Open source software license list

OSI Approved License Logo

About Open Source Licenses

Open source licenses are licenses that comply with the Open Source Definition — in brief, they allow software to be freely used, modified, and shared. To be approved by the Open Source Initiative (also known as the OSI), a license must go through the Open Source Initiative’s license review process.

Popular Licenses

The following OSI-approved licenses are popular, widely used, or have strong communities:

All Approved Licenses

Many other licenses are also OSI-approved, but fall into other categories, such as special-purpose licenses, superseded licenses, or retired licenses. Complete lists that include all approved licenses are available:

Questions?

The OSI maintains a FAQ, which includes a lot of useful background on open source licensing, including:

For more information about open source licenses and in particular about the Open Source Initiative’s approval process, see:

Wikimedia list article

This comparison only covers software licenses which have a linked Wikipedia article for details and which are approved by at least one of the following expert groups: the Free Software Foundation, the Open Source Initiative, the Debian Project and the Fedora Project. For a list of licenses not specifically intended for software, see List of free-content licences.

FOSS licenses

[

edit

]

FOSS stands for “Free and Open Source Software”. There is no one universally agreed-upon definition of FOSS software and various groups maintain approved lists of licenses. The Open Source Initiative (OSI) is one such organization keeping a list of open-source licenses.[1] The Free Software Foundation (FSF) maintains a list of what it considers free.[2] FSF’s free software and OSI’s open-source licenses together are called FOSS licenses. There are licenses accepted by the OSI which are not free as per the free software definition. The open source definition allows for further restrictions like price, type of contribution and origin of the contribution, e.g. the case of the NASA Open Source Agreement, which requires the code to be “original” work.[3][4] The OSI does not endorse FSF license analysis (interpretation) as per their disclaimer.[5]

The FSF’s free Software definition focuses on the user’s unrestricted rights to use a program, to study and modify it, to copy it, and redistribute it for any purpose, which are considered by the FSF the four essential freedoms.[6][7] The OSI’s open-source criteria focuses on the availability of the source code and the advantages of an unrestricted and community driven development model.[8] Yet, many FOSS licenses, like the Apache License, and all Free Software licenses allow commercial use of FOSS components.[9]

General comparison

[

edit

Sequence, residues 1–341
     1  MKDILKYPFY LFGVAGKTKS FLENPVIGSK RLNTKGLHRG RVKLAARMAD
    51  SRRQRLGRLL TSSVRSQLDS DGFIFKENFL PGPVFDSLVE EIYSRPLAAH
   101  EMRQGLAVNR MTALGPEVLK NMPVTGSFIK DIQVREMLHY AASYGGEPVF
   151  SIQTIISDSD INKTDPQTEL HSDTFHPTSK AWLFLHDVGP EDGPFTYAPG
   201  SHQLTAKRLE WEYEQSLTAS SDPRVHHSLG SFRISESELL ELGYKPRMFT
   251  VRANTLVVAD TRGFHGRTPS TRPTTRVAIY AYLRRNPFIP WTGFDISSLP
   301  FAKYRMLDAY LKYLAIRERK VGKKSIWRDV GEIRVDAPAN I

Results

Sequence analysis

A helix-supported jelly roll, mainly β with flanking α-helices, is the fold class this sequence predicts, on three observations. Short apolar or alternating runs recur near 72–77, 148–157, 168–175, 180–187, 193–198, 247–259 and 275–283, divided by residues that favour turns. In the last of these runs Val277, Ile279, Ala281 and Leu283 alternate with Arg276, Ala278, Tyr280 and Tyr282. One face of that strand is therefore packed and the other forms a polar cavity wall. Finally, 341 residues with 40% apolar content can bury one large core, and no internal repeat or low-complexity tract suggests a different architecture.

]

For a simpler comparison across the most common licenses see free-software license comparison.

The following table compares various features of each license and is a general guide to the terms and conditions of each license, based on seven subjects or categories. Recent tools like the European Commissions’ Joinup Licensing Assistant,[10] makes possible the licenses selection and comparison based on more than 40 subjects or categories, with access to their SPDX identifier and full text. The table below lists the permissions and limitations regarding the following subjects:

  • Linking – linking of the licensed code with code licensed under a different license (e.g. when the code is provided as a library)
  • Distribution – distribution of the code to third parties
  • Modification – modification of the code by a licensee
  • Patent grant – protection of licensees from patent claims made by code contributors regarding their contribution, and protection of contributors from patent claims made by licensees
  • Private use – whether modification to the code must be shared with the community or may be used privately (e.g. internal use by a corporation)
  • Sublicensing – whether modified code may be licensed under a different license (for example a copyright) or must retain the same license under which it was provided
  • TM grant – use of trademarks associated with the licensed code or its contributors by a licensee

In this table, “permissive” means the software has minimal restrictions on how it can be used, modified, and redistributed, usually including a warranty disclaimer. “Copyleft” means the software requires that its source code be made publicly available and that all provisions in the license be preserved in derivative works.

Other licenses that don’t have information:

Approvals

[

edit

]

This table lists for each license what organizations from the FOSS community have approved it – be it as a “free software” or as an “open source” license – , how those organizations categorize it, and the license compatibility between them for a combined or mixed derivative work. Organizations usually approve specific versions of software licenses. For instance, a FSF approval means that the Free Software Foundation (FSF) considers a license to be free-software license. The FSF recommends at least “Compatible with GPL” and preferably copyleft. The OSI recommends a mix of permissive and copyleft licenses, the Apache License 2.0, 2- & 3-clause BSD license, GPL, LGPL, MIT license, MPL 2.0, CDDL and EPL.

  1. ^